Use this URL to cite or link to this record in EThOS: http://ethos.bl.uk/OrderDetails.do?uin=uk.bl.ethos.669575
Title: Variations in organisational and employee responses to high-impact, low-probability events
Author: Riddle, Lorna Isabel
ISNI:       0000 0004 5369 1394
Awarding Body: King's College London (University of London)
Current Institution: King's College London (University of London)
Date of Award: 2015
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Abstract:
High-impact, low-probability events such as chemical, biological, radiological and nuclear (CBRN) terrorist attacks have the potential to cause serious disruption to national infrastructure organisations in the UK. Although research examining the willingness and ability of healthcare workers to report to work during an extreme event has been conducted, little is known about levels of willingness and ability for employees of other sectors of national infrastructure. This thesis presents much needed evidence regarding the likely concerns, behavioural responses and information needs of employees of national infrastructure organisations in the UK during extreme events, with a focus on CBRN terrorist attacks. An interview study revealed that many resilience professionals assumed their staff would be willing to report to work during extreme events and had not placed sufficient emphasis on facilitating staff willingness to return to work during a crisis. An employee web survey revealed that in the case of some CBRN scenarios, less than a quarter of staff reported they would be willing to go to work. A series of employee focus groups revealed that staff will face a variety of barriers during a CBRN incident and will expect a great deal from their employer, including medical interventions and accurate, scientific information. At present, it appears likely that national infrastructure organisations’ plans will not meet the expectations of their staff and will fail to address their numerous practical, psychological and communication needs in the event of a CBRN terrorist attack. This research has drawn on theories of risk perception and risk communication, alongside theoretical frameworks from health psychology and social psychology, to understand likely employee responses to extreme events. A series of recommendations are suggested for UK national infrastructure organisations’ business continuity plans and activities, including strategies that could be used to motivate and support staff in their return to work during an extreme event.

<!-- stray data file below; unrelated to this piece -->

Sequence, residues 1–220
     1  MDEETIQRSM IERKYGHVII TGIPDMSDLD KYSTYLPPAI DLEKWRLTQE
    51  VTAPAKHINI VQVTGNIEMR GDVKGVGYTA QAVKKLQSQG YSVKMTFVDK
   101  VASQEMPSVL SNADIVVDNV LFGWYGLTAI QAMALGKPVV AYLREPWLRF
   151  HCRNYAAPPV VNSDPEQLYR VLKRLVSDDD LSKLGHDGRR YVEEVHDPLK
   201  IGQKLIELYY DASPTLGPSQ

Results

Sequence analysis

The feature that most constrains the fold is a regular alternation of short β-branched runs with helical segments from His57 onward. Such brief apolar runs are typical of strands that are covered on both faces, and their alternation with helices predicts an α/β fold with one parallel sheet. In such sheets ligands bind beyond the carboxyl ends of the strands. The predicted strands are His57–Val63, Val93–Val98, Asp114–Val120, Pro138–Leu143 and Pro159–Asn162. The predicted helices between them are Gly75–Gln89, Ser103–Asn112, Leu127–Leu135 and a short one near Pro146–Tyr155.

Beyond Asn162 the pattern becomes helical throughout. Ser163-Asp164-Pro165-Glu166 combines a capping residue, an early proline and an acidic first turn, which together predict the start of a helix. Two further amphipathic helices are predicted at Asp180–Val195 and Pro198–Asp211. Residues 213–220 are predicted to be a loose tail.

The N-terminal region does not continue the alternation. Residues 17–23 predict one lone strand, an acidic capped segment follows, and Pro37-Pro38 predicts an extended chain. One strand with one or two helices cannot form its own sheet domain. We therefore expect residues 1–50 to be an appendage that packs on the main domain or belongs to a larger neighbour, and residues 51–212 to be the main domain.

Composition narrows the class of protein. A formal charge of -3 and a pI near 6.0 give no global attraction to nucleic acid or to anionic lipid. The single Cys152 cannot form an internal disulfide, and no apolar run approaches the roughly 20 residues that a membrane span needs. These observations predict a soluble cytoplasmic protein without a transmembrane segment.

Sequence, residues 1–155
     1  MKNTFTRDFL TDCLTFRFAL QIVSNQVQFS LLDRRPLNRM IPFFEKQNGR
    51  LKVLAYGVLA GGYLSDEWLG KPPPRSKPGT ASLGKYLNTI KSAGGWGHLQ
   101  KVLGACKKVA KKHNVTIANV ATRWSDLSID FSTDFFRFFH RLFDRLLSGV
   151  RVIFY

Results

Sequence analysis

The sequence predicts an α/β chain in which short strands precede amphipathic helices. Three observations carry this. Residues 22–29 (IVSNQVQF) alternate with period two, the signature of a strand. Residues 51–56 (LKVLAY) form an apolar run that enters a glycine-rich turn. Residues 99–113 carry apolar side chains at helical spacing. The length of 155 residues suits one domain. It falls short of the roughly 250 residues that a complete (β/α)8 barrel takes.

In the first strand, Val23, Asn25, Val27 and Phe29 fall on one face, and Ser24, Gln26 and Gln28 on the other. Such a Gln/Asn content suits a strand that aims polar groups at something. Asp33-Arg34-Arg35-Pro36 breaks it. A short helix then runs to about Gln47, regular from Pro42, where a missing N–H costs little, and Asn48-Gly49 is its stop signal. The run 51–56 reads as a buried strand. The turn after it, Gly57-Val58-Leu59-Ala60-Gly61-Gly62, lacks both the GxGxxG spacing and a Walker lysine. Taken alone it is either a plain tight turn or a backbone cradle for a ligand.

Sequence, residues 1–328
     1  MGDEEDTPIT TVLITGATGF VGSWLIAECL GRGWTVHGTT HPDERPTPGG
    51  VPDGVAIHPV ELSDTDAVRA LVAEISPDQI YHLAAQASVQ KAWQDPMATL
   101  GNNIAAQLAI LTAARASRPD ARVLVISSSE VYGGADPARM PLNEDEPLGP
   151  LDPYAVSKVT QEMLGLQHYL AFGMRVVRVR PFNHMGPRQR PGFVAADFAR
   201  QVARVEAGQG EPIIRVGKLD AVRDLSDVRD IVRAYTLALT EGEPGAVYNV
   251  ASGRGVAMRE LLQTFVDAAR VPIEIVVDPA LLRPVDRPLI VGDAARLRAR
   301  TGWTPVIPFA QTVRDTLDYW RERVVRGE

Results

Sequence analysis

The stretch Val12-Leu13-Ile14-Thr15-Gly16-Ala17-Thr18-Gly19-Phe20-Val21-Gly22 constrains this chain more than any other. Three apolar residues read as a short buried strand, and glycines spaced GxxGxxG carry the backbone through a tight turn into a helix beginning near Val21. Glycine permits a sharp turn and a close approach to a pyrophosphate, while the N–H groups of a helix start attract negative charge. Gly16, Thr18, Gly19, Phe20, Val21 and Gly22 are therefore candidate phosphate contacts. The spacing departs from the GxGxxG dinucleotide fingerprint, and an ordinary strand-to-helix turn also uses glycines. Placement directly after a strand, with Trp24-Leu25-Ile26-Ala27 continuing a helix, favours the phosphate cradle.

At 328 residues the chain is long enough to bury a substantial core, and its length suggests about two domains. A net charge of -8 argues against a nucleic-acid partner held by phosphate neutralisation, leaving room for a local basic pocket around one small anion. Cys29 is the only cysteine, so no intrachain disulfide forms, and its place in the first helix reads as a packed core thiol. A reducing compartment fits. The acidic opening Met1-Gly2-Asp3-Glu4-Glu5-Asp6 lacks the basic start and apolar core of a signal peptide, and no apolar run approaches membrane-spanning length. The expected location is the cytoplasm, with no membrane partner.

Supervisor: Rogers, Marian Brooke Sponsor: Not available
Qualification Name: Thesis (Ph.D.) Qualification Level: Doctoral
EThOS ID: uk.bl.ethos.669575  DOI: Not available
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